A woman who has been trying to bring a boy with severe autism from Ukraine to the UK for months has said finally securing his visa was “a great relief”.
Julie Elliot applied to help 16-year-old Timothy through the government’s Homes for Ukraine (HfU) scheme in March, but his age made him ineligible. She was so determined to help him that she and her husband adopted him to try and cut through red tape. She said she was thrilled he would now be joining her family in Lancashire.
The HfU scheme, which was set up shortly after the conflict broke out in Ukraine, requires strict sponsor checks before unaccompanied children can travel to the UK.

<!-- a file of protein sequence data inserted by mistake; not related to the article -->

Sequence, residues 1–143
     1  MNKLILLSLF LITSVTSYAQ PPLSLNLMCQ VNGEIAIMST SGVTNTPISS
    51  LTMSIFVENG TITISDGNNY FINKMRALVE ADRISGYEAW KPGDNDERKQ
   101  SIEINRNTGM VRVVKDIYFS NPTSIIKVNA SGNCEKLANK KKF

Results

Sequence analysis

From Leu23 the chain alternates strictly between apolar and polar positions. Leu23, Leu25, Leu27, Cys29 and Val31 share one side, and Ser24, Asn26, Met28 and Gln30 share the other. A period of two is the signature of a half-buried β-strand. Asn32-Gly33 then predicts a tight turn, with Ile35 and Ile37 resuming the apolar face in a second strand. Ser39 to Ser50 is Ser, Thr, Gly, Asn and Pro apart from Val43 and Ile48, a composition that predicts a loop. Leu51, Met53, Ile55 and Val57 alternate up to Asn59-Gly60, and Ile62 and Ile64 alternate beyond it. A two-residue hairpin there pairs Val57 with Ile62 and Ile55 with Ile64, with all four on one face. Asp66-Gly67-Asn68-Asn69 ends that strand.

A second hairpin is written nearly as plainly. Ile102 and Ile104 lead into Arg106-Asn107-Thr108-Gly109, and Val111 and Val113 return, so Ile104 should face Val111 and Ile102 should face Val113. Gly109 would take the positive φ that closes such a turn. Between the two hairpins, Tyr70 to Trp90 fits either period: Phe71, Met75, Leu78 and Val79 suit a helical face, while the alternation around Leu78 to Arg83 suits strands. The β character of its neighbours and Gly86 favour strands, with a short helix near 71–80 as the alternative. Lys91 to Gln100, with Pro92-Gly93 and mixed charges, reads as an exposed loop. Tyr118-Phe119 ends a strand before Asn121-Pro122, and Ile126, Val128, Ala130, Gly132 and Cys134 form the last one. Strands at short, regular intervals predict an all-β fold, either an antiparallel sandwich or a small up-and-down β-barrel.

The 62-year-old, who is from the Ribble Valley and has four biological and 10 adopted children, was first put in touch with the teenager’s mother Anna in Kyiv by the Chernobyl Children’s Lifeline charity.
She said Timothy, who is non-verbal, had become distressed at his home in Kyiv when it was bombed as he “couldn’t process what was going on”. He was later evacuated to Poland.
Mrs Elliot said she and Timothy’s birth mother Anna were “absolutely thrilled to bits” about his visa and it was “a great relief” to both women. Timothy will now travel to the UK in the coming days.https://www.bbc.co.uk/news/uk-england-lancashire-62435409